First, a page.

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Archive - Archive 2004 - July 2013

Thin plastic bags to be banned for use as carriers | 09 June 2008

Such bags are not supposed to be given away or sold to customers in six months’ time, when the Department of Environment will start putting into practice new measures to restrict their entry into the country.

The only bags of this kind to be allowed into Seychelles will be solely for packaging use.
 
The move was announced by environmental officials, in line with the department’s Waste Free Seychelles initiative to combat litter and encourage recycling.
 
Two types of plastic bag have been targeted – the small red ones given out by takeaways and other food outlets, and the white ones printed with little red stars sold by some shops for 50 cents each.

The technical adviser for environment, Flavien Joubert, said these bags have been identified for restriction since they are of poor quality and have to be thrown away almost immediately, after being used just once.

He said most cases of litter in Seychelles now involve these two plastic bags, along with polystyrene takeaway food boxes.

This situation led the department to submit a memorandum – ‘tackling plastic bags and polystyrene takeaway boxes in Seychelles’ – for the cabinet’s consideration earlier in the year, and the ban on some plastic bags signals the start of action.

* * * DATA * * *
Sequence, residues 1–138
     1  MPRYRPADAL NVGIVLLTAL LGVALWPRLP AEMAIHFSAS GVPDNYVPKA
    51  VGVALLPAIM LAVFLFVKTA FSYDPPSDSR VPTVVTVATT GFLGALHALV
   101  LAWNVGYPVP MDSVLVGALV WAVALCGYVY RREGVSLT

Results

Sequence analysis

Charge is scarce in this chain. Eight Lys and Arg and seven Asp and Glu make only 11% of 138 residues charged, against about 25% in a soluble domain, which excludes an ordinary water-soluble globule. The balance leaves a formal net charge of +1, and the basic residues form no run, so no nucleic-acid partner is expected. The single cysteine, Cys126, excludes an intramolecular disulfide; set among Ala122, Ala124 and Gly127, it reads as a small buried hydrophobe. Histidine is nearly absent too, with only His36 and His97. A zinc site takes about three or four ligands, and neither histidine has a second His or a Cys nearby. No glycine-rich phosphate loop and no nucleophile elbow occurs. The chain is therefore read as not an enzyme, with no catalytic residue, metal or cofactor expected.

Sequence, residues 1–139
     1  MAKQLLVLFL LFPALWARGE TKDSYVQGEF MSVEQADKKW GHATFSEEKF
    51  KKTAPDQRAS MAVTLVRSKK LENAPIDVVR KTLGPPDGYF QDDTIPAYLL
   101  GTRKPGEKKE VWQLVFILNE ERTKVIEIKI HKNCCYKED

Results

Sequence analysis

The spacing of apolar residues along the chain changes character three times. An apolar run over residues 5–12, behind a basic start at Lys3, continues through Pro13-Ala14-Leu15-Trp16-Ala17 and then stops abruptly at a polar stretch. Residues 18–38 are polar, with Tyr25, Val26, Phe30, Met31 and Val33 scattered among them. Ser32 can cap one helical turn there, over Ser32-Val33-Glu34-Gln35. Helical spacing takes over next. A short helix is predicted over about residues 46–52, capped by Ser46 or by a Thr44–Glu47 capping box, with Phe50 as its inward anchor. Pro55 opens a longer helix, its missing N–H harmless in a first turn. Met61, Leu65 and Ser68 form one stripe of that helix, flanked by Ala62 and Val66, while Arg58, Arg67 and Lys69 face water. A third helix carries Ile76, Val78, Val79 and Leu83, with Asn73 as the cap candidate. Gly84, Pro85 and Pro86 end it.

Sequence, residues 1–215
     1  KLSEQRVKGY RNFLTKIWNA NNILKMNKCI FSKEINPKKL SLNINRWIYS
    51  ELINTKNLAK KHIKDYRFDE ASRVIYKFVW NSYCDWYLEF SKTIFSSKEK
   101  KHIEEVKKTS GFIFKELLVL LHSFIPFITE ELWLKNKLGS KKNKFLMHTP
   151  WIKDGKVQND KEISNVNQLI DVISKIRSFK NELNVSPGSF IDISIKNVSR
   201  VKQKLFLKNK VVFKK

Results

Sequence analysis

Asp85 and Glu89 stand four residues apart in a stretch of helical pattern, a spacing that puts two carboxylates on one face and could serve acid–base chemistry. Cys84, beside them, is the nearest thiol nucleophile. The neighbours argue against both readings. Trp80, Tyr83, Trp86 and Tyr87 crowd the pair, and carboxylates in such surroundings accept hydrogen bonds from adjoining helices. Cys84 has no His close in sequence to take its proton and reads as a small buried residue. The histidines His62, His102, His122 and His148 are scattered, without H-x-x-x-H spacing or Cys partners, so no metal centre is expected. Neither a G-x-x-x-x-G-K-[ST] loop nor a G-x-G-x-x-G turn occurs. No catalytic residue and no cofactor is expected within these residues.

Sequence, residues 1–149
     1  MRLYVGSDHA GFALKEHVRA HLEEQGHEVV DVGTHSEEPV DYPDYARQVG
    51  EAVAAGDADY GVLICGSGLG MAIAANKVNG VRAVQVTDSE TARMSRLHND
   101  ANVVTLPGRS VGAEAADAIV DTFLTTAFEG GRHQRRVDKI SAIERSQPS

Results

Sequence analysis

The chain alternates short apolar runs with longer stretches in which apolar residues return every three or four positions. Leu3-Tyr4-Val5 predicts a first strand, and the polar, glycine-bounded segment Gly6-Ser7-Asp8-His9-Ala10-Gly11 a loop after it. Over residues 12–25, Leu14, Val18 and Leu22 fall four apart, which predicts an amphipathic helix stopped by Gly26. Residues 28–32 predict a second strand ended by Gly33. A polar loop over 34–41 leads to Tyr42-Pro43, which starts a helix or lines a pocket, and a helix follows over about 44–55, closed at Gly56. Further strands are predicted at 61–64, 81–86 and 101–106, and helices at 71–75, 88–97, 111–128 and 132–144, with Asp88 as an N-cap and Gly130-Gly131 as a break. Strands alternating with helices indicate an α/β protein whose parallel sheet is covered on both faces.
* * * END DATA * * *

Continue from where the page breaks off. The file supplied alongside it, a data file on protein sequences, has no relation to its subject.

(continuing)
Mr Joubert said a grace period of six months will allow traders to dispose of present stocks and orders already placed. After that, spot checks will be made, in conjunction with the customs department, to ensure these bags do not come into the country.

A section of the trade tax regulations is expected to be amended in support of the new measures. People who break the ban face penalties ranging from a fine of R5,000 to a year in prison.

Mr Joubert said the new rules should not be viewed as a move to ban all plastic bags available to consumers but rather to ensure that good-quality bags, which consumers can use several times, are imported.

This way, fewer plastic bags will litter the environment and consumers will pay less for the service, which he described as a win-win situation.

 

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